Baseball: A Film by Ken Burns
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Here is the story of America's national pastime from master storyteller Ken Burns. It is an epic overflowing with heroes and hopefuls, scoundrels and screwballs. A saga spanning the quest for racial justice, the clash of labor and management, the immigrant experience, the transformation of popular culture, and the enduring appeal of the national pastime.
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Each of the series’ 10 episodes, called an “inning,” covers approximately one decade in the history of the game. In every episode, viewers are introduced to the people who had the greatest impact on the game during that era, as well as the greatest games, and the key events of the times.
“Baseball” pays particular attention to five of the oldest and most legendary major league teams: the New York Yankees, Brooklyn Dodgers, New York Giants, Chicago Cubs, and Boston Red Sox. Throughout their long and storied past, each of these teams had its own set of peculiar triumphs, tragedies, and curses that have carried down to the present day.
“Baseball” isn’t just a sugarcoated showcase of past stars and glories. This series makes a sober and in-depth examination of many of the grittier and seamier aspects of the game. “Baseball” unflinchingly explores the Chicago Black Sox scandal of 1919; the so-called “gentlemen’s agreement” among team owners that prohibited African American baseball players from playing in the major leagues for over 60 years, resulting in the creation and development of the Negro Leagues; the long fight against the hated reserve clause that kept players bound to one team for life; and the use of performance enhancing drugs by players in the years of the late 20th and early 21st centuries.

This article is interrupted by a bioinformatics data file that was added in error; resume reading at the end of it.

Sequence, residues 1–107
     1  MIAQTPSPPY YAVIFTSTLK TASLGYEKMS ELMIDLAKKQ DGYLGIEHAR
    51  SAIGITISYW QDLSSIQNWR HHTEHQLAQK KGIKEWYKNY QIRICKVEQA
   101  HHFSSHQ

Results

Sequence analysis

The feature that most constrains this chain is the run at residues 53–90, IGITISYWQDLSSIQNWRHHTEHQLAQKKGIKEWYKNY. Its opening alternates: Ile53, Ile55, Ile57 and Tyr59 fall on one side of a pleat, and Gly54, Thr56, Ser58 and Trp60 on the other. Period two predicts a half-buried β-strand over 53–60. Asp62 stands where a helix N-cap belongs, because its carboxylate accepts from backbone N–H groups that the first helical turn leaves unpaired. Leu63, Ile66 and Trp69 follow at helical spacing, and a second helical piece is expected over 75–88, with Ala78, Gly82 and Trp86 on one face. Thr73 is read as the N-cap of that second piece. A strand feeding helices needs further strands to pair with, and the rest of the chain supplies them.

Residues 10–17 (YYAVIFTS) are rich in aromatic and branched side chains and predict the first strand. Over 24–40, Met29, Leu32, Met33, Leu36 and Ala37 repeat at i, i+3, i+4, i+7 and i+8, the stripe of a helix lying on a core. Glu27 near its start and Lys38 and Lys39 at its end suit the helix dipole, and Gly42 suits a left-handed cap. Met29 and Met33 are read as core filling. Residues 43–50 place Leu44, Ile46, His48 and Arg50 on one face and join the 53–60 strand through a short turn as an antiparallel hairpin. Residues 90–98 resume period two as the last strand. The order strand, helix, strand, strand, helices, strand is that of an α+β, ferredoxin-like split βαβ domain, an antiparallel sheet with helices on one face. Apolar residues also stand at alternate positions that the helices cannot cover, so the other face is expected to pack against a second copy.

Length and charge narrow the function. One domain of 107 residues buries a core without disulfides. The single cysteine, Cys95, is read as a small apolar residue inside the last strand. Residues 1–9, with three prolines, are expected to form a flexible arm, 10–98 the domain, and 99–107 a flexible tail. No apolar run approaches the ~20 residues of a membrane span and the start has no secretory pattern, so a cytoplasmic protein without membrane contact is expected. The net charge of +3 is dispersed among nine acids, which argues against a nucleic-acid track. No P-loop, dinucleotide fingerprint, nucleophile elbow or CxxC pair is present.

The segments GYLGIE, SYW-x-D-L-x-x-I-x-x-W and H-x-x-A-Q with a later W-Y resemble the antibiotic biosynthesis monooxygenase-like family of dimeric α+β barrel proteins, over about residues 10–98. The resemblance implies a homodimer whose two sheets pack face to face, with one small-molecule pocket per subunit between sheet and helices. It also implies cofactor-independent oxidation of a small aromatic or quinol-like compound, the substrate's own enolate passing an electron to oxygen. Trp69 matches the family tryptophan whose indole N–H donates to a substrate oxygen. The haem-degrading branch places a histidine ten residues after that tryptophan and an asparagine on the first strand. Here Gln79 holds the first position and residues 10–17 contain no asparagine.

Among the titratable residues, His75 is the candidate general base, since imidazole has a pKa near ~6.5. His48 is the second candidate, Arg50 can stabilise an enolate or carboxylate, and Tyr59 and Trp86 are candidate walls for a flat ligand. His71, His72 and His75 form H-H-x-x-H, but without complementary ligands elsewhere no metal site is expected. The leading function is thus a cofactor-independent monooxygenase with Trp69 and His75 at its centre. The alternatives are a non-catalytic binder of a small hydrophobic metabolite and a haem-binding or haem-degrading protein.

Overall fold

I think the best episode in the entire series is “Inning 6: The National Pastime (1940-1950.}” In this long and poignant episode, Burns tells in compelling detail of how the color barrier in Major League Baseball was finally broken. In 1946, Dodgers General Manager Branch Rickey signed Jackie Robinson to a minor league deal, thus defying the express will of team owners. Rickey explained to Robinson, in a long and profanity-laced diatribe, what he was likely to face in the way of abuse, both verbal and possibly even physical, from other racist players, managers, and fans. Robinson promised not to retaliate against all forms of racist abuse for three years. In April 1947, Robinson became the first African American to play major league baseball in over 60 years. He forever changed the game for the better, making it truly the “national pastime.”
I have owned a home video copy of “Baseball ever since it was first released on VHS tape in 1994. After I finally wore out my videotape set, I bought the remastered version of “Baseball” on DVD, a set that includes “The Tenth Inning.” “Baseball” is also available as a Prime selection on Amazon video. I think “Baseball” is the finest documentary ever produced about the game I love so much. Most highly recommended.